There's a lot going on, huh? Well, I am coping by doing absolutely nothing but playing this new kind of puzzle that a coworker introduced me to, thereby ruining my life. It's called Picross and it is the greatest. And the worst. You're welcome and I'm sorry. There are some good time-sucking apps available.

Photo of Oreo. I'm holding her paw out.
Fist bump.


Sunday, August 26, 2018

(Not) Run-zo

So. I haven't been running. After I saw my ortho in July and he broke my heart, I decided to take all of August off and maybe try running again in September. As it is not yet September, I haven't started running yet.

Because my plan is to wear the fuck out of my current knees then get new bionic ones that will surely be all kinds of technologically awesome in five to ten years, and then run the shit out of those, I am not overly concerned about long-term damage. In fact, at this point, I kinda am Team Long-Term Damage. What I'm afraid of is that I will go running and my knees will hurt really bad and then I won't be able to run even though I don't care about my knee health.

I mean, my whole thing, my whole ability to be okay with being a slow, chubby runner is that I am staying healthy so I can live and exercise until I'm really old. When I track and limit the food I eat and work out hard and still don't lose weight and I get angry at my body, I try to pull back and remember that even though it's not exactly how I want it, I should love my body because it is strong and it can run far and it does amazing things. And now it can't. And I'm dealing with a sense of being betrayed by it.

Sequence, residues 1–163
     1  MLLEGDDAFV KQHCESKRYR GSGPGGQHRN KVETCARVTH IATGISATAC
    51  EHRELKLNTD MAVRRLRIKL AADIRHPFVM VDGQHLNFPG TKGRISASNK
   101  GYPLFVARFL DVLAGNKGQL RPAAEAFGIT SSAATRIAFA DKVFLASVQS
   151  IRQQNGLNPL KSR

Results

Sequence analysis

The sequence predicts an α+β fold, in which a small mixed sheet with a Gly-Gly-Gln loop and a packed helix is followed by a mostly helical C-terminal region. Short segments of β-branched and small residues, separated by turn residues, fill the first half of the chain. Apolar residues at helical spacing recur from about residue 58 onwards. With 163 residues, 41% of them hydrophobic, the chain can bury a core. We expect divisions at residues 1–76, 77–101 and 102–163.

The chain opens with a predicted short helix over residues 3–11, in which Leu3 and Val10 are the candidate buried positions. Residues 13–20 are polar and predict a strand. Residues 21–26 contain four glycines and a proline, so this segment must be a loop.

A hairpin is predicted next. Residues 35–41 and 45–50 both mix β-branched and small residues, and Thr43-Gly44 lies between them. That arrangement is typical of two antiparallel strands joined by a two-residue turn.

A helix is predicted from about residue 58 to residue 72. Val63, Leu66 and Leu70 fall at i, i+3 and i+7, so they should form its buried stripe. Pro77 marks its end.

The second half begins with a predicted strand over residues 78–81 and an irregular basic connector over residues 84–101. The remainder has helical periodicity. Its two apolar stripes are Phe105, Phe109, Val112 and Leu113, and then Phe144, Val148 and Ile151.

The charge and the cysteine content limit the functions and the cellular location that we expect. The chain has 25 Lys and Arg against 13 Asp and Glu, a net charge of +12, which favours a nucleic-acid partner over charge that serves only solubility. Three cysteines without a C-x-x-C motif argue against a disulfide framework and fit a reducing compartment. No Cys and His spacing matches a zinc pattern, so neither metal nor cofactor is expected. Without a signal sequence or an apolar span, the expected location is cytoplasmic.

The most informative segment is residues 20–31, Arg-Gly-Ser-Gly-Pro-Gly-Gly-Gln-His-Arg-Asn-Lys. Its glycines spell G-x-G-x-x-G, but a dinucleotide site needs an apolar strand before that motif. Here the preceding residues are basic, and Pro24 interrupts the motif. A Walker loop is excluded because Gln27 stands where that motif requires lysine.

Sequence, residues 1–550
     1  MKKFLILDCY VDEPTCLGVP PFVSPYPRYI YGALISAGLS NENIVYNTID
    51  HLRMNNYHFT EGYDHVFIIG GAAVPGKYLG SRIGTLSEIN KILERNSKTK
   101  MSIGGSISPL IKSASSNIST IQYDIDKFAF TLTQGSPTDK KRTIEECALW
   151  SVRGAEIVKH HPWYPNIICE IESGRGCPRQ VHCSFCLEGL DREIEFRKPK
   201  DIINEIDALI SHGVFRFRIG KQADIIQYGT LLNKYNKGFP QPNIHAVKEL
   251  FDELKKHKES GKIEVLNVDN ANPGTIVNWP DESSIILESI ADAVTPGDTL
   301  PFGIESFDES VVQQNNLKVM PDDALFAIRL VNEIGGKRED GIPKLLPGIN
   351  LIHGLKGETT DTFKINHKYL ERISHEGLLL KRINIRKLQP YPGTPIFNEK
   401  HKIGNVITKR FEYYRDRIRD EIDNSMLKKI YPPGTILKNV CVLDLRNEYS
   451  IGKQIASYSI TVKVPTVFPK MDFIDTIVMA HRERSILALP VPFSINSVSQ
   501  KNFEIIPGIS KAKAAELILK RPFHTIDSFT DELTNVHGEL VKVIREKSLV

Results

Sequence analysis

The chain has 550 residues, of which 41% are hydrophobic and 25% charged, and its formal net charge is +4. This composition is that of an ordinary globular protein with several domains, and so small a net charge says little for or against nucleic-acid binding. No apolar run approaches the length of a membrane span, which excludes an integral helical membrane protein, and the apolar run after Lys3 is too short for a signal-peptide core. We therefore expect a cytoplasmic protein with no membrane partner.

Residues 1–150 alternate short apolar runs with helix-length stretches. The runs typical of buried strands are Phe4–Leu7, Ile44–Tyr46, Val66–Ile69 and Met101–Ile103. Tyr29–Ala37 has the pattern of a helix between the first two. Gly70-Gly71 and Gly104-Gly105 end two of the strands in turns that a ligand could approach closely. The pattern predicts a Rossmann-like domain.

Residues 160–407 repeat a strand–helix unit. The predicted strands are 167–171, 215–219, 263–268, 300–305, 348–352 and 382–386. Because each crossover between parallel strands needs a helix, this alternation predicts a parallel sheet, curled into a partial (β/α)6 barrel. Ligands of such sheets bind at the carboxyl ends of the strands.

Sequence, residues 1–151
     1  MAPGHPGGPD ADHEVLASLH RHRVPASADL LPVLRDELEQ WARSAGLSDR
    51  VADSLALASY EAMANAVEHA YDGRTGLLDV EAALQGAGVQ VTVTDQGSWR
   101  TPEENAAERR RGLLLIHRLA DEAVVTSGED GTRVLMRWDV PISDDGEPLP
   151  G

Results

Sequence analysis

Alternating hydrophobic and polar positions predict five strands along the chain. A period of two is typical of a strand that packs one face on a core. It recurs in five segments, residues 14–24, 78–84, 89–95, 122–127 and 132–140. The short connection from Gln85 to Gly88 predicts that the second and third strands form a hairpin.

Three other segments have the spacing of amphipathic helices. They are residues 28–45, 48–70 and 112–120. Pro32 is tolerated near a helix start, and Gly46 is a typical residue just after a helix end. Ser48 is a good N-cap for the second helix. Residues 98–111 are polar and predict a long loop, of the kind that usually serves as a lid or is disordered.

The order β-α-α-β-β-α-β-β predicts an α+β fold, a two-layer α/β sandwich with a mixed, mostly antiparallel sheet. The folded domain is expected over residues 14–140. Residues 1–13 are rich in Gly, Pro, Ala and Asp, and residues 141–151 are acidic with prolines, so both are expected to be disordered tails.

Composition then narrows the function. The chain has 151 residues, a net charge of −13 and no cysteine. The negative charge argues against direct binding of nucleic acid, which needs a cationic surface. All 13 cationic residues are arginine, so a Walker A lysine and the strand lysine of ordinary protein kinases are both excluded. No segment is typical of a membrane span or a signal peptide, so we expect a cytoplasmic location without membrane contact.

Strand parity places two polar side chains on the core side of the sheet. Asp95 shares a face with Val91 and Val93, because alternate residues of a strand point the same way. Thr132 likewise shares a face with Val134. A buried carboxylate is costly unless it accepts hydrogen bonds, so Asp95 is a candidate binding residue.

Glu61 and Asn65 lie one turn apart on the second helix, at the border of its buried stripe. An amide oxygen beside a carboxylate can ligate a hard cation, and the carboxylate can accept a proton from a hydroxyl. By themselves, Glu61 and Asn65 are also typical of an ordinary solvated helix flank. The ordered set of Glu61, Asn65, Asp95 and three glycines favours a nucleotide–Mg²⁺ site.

Although my knees only really hurt when I try to sit down or stand up, so as long as I remain either standing all the time or sitting all the time, I should be fine. And really, its only a problem if I'm going more than 90 degrees. *starts hauling all the low chairs in my house to a backyard bonfire*

I mean, a smarter plan would be to do leg-strengthening work, actually somehow lose weight, and do some research on what the best options are for me. So far, I've successfully started with step one. I have a Peloton now and I ride a lot and I do leg and core work through their digital app, so at least I'm not sitting on my couch eating potato chips.

I am absolutely obsessed with the Peloton (that's a whole other post), but being a runner is such a big part of my identity. I don't want to lose it. And I love to run. I just really love it. Even when it's hard, even when it sucks, even when it is hot and humid or freezing cold, I fucking love to run. I can't imagine not doing it.

After school starts, I think I'll start running on my treadmill exclusively for a while and will definitely ease into mileage. I'll let you know how it goes.

Sunday, August 19, 2018

(Not) Done-zo

It has been a rough summer. In my grumpier moments I've considered peace-outing and just putting up a post here that says THE END even though I knew even as I was thinking it that I would regret it.

A lot of my angst has been that we have been super busy. I have regularly spent up to FOUR HOURS A DAY or more driving one kid here and then sprinting over to this other location to pick up another one while abandoning the third at home and then hurrying back to pick up the first one and repeat, repeat, repeat. The first two months of my summer felt like an elaborate puzzle where the pieces were getting my kids to places and home and not forgetting anyone anywhere while still trying to fit in work, my physical therapy, and all the regular appointments of daily life that never end.

Spoiler alert: I did it! Also, I was only late picking kids up 3 times and with all the pickups I did, that is an excellent on-time rate. In addition, big thanks to my homies (Gayle, Heather, Alex) who helped me when it was just not possible for me to be in two places at one time.

I did manage to get one on-going activity within walking distance of my home, which was Katie's driver's ed, chosen specifically for that reason. Sorry, Katie. Also, the irony.